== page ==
A committee backing a slate of candidates — Krista Holtzmann, Chris Schor, Kevin Leung and Anthony Graziano — that has promised to end the voucher court case didn’t report any spending. However, it did receive a $15,000 donation from a group linked to the Colorado Education Association, the state’s teachers union, to help the CommUnity Matters slate.

That puts the Douglas Schools for Douglas Kids committee’s war chest to use in the last week of the election at $148,577. The Republican Committee, which is used to support Republican candidates in other races as well, has $331,108 on hand.

Another group, Douglas County Parents, which has a political committee designation with the state and can coordinate with candidates, has so far raised more than $42,000 to help boost the CommUnity Matters slate.

Editor’s note: An earlier version of this article incorrectly identified Douglas County Parents as an independent expenditure committee. It’s a political committee, which means it can coordinate directly with candidates. This post has also been updated to include additional information about spending by the a GOP-backed committee in Douglas County. This article has also been updated to correct an error that said the said the Douglas Schools committee received an $85,000 donation from NEA. It was a $15,000 donation from CEA.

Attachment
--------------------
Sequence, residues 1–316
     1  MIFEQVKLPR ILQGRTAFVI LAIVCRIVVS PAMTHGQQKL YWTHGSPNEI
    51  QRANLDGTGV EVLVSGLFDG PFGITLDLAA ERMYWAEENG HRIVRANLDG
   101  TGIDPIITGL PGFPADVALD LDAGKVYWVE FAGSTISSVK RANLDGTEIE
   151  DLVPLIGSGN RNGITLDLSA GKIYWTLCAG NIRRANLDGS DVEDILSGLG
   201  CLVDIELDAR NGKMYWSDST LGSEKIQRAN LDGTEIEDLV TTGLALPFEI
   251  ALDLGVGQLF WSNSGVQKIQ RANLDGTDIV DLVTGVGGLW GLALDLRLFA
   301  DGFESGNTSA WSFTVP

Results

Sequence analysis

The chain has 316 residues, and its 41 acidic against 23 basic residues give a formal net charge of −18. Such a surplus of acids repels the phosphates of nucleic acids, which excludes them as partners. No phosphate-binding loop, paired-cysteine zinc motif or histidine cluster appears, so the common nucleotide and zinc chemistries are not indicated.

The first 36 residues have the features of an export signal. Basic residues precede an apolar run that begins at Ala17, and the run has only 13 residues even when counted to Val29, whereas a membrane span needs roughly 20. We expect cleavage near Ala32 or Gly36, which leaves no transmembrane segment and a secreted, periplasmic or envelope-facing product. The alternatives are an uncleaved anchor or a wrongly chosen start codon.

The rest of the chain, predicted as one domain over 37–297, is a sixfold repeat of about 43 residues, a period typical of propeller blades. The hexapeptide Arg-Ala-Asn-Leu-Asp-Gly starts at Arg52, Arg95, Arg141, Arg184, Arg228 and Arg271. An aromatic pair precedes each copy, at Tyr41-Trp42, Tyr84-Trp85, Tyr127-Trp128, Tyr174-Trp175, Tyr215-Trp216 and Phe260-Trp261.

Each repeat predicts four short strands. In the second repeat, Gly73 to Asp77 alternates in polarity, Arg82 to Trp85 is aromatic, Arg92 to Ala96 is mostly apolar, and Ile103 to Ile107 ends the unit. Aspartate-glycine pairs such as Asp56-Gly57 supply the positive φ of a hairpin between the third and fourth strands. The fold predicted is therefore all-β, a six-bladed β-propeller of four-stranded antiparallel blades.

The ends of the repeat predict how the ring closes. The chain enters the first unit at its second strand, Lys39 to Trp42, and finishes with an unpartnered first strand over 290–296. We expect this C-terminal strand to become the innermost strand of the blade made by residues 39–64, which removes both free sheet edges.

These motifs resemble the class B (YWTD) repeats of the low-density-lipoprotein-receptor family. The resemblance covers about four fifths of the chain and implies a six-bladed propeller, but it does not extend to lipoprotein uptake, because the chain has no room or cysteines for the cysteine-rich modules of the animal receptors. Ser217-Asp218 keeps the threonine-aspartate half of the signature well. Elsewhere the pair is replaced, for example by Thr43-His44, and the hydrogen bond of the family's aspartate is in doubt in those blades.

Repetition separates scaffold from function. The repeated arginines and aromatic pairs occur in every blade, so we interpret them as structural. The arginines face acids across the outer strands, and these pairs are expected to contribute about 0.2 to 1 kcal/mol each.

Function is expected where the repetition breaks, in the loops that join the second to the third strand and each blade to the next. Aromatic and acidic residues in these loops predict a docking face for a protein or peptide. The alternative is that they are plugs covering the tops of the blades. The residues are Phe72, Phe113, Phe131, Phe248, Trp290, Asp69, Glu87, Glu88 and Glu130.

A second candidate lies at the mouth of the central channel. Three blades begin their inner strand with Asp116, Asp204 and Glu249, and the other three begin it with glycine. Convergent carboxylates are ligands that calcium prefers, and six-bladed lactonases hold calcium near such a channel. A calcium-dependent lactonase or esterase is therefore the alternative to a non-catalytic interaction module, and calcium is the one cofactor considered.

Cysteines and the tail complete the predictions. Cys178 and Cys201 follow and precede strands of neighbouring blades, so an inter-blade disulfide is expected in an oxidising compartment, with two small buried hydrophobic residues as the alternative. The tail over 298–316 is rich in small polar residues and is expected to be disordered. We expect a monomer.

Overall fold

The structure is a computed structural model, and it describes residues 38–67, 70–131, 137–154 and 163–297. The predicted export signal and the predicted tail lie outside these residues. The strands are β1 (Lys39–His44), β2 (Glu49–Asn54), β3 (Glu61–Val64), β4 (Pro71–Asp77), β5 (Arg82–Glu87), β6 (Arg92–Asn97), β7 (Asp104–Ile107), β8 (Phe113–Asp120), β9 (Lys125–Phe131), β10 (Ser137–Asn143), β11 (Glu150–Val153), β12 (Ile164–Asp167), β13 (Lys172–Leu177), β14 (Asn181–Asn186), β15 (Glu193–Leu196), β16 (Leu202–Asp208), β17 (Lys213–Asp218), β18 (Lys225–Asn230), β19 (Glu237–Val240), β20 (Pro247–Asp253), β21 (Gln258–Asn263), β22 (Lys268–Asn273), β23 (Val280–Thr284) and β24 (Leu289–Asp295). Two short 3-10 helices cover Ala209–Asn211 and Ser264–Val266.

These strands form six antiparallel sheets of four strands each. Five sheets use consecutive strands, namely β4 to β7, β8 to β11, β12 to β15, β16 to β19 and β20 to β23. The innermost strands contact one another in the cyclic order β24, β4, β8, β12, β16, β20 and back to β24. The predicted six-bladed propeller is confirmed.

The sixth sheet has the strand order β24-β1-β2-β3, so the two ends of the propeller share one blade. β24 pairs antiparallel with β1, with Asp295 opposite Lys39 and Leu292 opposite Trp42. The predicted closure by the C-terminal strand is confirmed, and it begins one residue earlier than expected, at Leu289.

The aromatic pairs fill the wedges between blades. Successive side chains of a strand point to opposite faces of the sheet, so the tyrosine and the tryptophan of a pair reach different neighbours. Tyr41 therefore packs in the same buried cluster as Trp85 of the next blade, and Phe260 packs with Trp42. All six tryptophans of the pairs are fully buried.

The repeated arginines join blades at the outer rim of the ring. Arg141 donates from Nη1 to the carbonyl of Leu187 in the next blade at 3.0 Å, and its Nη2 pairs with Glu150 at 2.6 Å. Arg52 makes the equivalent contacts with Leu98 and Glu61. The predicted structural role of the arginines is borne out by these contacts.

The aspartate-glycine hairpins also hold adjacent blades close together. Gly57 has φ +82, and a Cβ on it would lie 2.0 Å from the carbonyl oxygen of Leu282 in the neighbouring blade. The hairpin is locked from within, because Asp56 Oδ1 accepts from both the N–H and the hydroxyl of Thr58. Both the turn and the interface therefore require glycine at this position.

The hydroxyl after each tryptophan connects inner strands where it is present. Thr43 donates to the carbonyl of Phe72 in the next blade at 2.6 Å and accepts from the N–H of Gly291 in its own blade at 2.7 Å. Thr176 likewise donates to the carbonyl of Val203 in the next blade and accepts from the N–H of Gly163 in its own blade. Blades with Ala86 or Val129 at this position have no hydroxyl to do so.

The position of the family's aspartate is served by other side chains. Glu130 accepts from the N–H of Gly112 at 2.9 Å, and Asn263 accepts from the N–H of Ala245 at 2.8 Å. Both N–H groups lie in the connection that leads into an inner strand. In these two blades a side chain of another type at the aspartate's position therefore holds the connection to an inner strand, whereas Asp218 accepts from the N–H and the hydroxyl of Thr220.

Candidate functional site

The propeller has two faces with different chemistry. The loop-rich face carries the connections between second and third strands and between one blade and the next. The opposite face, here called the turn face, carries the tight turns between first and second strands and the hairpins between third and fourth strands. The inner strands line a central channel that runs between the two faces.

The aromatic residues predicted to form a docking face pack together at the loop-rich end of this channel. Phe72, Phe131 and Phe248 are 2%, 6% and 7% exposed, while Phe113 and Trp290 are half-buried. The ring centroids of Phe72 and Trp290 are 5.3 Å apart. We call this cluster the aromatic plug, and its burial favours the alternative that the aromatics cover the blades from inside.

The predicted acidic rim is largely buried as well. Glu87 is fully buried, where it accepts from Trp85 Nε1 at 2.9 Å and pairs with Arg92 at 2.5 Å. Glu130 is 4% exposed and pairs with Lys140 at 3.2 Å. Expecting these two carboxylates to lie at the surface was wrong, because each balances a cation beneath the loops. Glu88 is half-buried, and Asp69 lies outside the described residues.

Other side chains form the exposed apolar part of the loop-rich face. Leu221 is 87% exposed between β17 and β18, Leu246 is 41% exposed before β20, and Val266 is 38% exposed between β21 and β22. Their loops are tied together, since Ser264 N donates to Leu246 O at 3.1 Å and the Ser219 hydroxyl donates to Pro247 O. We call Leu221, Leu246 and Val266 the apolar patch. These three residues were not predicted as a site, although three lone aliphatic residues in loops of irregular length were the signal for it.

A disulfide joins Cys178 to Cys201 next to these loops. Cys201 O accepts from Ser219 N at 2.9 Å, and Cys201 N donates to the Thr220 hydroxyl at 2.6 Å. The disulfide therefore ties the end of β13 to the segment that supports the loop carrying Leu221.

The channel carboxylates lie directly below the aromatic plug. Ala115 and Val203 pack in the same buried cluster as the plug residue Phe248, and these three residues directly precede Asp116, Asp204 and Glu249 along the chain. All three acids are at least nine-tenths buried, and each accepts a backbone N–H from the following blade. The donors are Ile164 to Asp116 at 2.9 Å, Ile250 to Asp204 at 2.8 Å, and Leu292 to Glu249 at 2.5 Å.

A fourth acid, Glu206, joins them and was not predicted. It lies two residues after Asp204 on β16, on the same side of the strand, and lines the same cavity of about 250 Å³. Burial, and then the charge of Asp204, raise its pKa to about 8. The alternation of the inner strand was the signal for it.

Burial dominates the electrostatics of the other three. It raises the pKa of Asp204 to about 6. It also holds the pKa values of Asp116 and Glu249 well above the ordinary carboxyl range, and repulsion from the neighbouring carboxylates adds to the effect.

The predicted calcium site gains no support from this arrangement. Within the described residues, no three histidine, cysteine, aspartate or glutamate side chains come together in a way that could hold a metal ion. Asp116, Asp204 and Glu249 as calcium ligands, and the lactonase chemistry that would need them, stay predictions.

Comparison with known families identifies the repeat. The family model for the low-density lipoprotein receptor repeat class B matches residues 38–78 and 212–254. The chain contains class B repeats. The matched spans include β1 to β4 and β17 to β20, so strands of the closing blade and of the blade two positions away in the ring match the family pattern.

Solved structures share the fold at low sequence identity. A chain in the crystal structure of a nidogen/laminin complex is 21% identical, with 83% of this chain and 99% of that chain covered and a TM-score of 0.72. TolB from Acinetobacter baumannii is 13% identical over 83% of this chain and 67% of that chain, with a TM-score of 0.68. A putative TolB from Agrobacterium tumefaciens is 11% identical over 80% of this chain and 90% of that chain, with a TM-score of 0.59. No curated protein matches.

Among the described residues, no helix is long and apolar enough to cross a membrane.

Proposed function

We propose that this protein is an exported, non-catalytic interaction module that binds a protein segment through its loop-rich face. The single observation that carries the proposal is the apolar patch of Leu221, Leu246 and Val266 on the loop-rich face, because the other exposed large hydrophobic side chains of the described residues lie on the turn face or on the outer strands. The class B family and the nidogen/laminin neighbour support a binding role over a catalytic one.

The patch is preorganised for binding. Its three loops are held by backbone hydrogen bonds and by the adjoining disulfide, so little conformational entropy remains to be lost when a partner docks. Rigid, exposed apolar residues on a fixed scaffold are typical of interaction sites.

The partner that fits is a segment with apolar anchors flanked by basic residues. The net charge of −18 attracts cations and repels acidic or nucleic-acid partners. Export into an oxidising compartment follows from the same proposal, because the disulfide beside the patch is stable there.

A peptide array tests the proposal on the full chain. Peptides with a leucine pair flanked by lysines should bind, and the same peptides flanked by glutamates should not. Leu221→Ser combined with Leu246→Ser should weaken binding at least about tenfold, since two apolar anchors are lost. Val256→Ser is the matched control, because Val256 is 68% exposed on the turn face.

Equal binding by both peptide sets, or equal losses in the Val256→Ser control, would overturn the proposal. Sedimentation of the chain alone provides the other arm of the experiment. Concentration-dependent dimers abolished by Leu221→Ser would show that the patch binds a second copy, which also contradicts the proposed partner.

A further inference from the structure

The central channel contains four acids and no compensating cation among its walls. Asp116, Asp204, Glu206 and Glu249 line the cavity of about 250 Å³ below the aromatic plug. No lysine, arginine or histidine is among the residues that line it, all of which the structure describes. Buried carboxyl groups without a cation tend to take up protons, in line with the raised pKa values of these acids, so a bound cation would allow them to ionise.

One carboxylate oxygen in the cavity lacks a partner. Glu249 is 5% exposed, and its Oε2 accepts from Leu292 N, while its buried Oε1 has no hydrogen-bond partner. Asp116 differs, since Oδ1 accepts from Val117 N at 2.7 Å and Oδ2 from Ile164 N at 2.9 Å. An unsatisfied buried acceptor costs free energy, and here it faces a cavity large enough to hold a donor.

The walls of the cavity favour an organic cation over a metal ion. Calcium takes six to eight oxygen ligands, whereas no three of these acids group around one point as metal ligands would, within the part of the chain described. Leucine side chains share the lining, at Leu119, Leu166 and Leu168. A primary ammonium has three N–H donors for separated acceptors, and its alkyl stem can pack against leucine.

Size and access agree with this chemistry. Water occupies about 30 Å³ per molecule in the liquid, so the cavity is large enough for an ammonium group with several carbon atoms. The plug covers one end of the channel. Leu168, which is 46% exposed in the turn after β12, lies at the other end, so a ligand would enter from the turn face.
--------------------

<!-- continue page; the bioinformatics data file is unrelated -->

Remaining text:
dotting the i's

Group that supported Douglas County anti-voucher candidates fined in campaign finance case

The Douglas County school board on Monday voted to end the district's voucher program and directed the district to seek an end to the protracted legal case. (Nic Garcia/Chalkbeat)

A political committee that supported a slate of anti-voucher candidates in the Douglas County school board race has been ordered to pay a $1,900 fine related to campaign finance violations.

Back in the fall, the group Campaign Integrity Watchdog filed a complaint against Douglas Schools for Douglas Kids that alleged the group failed to properly report donations and expenditures.  Douglas Schools for Douglas Kids is an independent political committee, which can spend an unlimited amount of money to advocate for candidates.